Running Time: 114 mins
Rated: Rated MA 15+ (strong violence, themes and coarse language)
The Boston neighbourhood of Dorchester is a gritty, working-class area lined with the wreckage of broken families and dreams. Here 4 year-old Amanda McCready goes missing without a trace. The police fail to turn up even the narrowest lead, so Amanda's desperate Aunt and Uncle plead with local private investigators Patrick Kenzie (Affleck) and Angie Genarro (Monaghan) to take the case.
Because they have never done a child abduction case before they are hesitant, but they know the neighbourhood well, and they also know the truth about Amanda's drug-addicted mother Helene (Ryan). As they dig into her story, they find themselves on a trail that winds into the dark heart of Dorchester and through a chain of drug-dealers, ex-cons and child abusers, but brings them no closer to Amanda. In the glare of the media spotlight, they join forces with a relentless detective Remy Bressant (Harris) and police captain Jack Doyle (Freeman). And just as it appears that the emotionally wrenching case is about to be cracked, in the flash of gunfire, the sad truth of Amanda's fate is revealed.
As everyone attempts to move forward, a haunted Patrick Kenzie cannot walk away. As he backtracks through the clues, he finds himself lured into an ever-intensifying web of lies and inexplicable violence. And he comes to see the shocking secret that hid the truth. It is then that he faces the greatest moral dilemma of his life.
Novelist Dennis Lehane wrote the book Mystic River and then wrote Gone Baby Gone. Both are set in working class Boston. Both are about traumatic childhoods and the abuse therein, and both are about people being haunted by the past. Ben Affleck, along with Matt Damon, won an Oscar for his "Good Will Hunting' screenplay. Here he team up with Aaron Stockard to adapt Lehane's novel for the screen. Affleck also directs.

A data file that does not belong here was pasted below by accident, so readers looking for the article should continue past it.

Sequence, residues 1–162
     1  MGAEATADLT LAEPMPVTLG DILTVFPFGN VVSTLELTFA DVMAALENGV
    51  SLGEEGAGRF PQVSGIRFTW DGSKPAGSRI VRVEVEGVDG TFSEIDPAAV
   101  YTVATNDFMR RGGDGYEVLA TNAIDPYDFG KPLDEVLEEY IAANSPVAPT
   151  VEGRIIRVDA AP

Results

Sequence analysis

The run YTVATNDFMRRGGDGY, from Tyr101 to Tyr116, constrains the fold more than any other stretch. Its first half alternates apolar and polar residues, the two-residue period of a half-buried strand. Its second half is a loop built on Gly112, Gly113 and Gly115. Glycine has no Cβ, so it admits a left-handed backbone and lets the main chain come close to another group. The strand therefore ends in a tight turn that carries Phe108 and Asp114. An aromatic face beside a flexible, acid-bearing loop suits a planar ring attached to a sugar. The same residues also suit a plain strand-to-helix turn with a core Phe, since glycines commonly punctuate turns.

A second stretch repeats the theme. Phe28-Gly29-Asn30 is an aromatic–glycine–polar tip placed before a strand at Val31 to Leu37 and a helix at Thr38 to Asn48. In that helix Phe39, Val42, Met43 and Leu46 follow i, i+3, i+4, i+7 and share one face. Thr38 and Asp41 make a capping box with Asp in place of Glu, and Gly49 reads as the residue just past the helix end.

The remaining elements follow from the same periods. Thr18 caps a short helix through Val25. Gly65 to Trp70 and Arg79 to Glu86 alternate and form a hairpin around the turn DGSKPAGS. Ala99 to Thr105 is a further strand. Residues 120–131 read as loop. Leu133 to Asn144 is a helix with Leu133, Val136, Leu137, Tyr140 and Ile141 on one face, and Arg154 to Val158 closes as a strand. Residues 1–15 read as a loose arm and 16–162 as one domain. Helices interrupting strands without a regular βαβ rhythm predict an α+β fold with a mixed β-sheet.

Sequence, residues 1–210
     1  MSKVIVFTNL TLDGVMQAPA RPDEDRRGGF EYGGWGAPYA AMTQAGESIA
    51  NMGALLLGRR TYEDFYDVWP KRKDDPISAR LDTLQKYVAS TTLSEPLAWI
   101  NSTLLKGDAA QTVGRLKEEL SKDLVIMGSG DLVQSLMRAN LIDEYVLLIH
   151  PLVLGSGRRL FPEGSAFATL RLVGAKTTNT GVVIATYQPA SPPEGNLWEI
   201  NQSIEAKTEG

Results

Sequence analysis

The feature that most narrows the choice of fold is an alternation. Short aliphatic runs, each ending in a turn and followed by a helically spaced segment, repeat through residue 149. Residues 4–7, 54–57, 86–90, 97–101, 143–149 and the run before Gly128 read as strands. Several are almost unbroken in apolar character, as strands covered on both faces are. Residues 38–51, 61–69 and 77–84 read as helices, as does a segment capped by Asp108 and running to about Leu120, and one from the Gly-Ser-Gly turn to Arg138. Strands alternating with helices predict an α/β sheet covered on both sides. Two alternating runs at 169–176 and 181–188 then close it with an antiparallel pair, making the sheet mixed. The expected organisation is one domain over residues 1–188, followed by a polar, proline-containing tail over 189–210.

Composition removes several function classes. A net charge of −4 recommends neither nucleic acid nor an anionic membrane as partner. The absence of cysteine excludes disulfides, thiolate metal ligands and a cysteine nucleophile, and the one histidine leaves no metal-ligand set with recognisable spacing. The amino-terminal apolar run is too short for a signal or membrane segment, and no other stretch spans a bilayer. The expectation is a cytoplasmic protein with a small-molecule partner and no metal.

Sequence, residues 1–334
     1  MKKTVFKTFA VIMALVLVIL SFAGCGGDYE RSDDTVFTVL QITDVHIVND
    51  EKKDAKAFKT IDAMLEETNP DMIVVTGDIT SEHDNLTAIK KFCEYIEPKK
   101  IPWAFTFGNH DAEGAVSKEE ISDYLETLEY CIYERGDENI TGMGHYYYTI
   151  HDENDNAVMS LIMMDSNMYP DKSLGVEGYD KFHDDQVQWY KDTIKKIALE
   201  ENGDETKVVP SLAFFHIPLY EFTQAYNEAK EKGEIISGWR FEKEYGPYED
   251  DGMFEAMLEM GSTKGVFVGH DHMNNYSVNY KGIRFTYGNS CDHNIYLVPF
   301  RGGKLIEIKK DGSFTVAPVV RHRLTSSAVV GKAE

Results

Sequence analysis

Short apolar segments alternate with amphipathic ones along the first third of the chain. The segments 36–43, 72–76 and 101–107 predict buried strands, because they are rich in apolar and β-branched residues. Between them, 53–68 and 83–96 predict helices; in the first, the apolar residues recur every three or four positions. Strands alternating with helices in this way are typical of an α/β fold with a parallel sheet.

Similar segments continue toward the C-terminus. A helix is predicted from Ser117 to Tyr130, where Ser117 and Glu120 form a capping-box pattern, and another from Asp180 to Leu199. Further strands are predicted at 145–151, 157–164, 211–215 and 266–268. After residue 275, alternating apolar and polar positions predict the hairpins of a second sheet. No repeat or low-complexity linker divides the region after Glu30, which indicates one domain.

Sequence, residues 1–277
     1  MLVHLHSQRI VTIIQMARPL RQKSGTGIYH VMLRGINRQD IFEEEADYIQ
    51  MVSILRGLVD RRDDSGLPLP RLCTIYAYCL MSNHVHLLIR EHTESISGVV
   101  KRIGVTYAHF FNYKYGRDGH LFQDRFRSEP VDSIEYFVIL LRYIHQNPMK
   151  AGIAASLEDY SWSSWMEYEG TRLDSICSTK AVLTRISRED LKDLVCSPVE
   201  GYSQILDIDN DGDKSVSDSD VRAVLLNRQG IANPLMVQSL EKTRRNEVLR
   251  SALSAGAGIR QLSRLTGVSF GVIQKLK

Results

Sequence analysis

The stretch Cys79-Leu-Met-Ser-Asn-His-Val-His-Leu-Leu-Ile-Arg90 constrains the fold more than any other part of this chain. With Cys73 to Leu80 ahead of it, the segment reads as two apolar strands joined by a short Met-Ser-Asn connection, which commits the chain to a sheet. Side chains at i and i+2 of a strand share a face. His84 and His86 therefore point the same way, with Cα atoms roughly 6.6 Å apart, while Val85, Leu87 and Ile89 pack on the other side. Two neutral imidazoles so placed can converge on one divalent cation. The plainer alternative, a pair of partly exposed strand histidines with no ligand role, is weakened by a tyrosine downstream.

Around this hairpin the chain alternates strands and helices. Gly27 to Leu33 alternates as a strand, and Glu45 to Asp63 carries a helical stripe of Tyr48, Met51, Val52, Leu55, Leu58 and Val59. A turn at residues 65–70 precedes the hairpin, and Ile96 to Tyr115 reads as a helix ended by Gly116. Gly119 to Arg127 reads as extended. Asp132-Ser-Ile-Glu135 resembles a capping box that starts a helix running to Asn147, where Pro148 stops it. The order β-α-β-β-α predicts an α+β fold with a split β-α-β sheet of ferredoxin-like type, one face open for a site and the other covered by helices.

Gone Baby Gone is not an easy cinematic experience. If you took the Lord's name out of the screenplay it would be twenty minutes shorter, but, besides that, there are also shocks, violent language and a disturbing atmosphere that creates the dark world it describes.
While many of us may not want to enter this domain, it is sobering to find out that 2,000 children go missing in the USA every day. I am not sure what the figures are for Australia, but many parents know the anxiety behind this statistic.
On one level this film is a very ambitious and generally successful debut for Ben Affleck as a director. He draws out fine performances from this top-rate cast, but there are problems too. The broad Bostonian dialogue is so quickly delivered that it is sometimes unintelligible. We need subtitles. The four act structure makes for a convoluted plot and at times this seems unnecessarily complex. But worst of all Casey Affleck may be a fine actor, and he does some good work here too, but he is the wrong age for the part. His 32 year old baby face is a distraction because it is hard to believe him in this role. It is always dicey for a director to hire his family.
Given the confusing world it portrays, it is no surprise that the morality of Gone Baby Gone is confused as well. As smart as some of these characters are, and as often as they invoke God and the saints, and quote the New Testament and the moral teachings of priests, none of them seem to know much about objective and subjective mortal sin and the conditions for moral culpability. They need a good confessor to help them out. For while evil acts remain evil, my culpability for an evil act can only be judged by the seriousness of the act, my freedom to choose, my knowledge of the action and its consequences and the formation (or lack of it) of my conscience.
Gone Baby Gone in no way answers the moral questions it raises, but it does give us pause for deep reflection on moral choices and social policy that are affecting children's safety right here and now.
Disney Out April 17
Fr Richard Leonard SJ is the director of the Australian Catholic Office for Film & Broadcasting.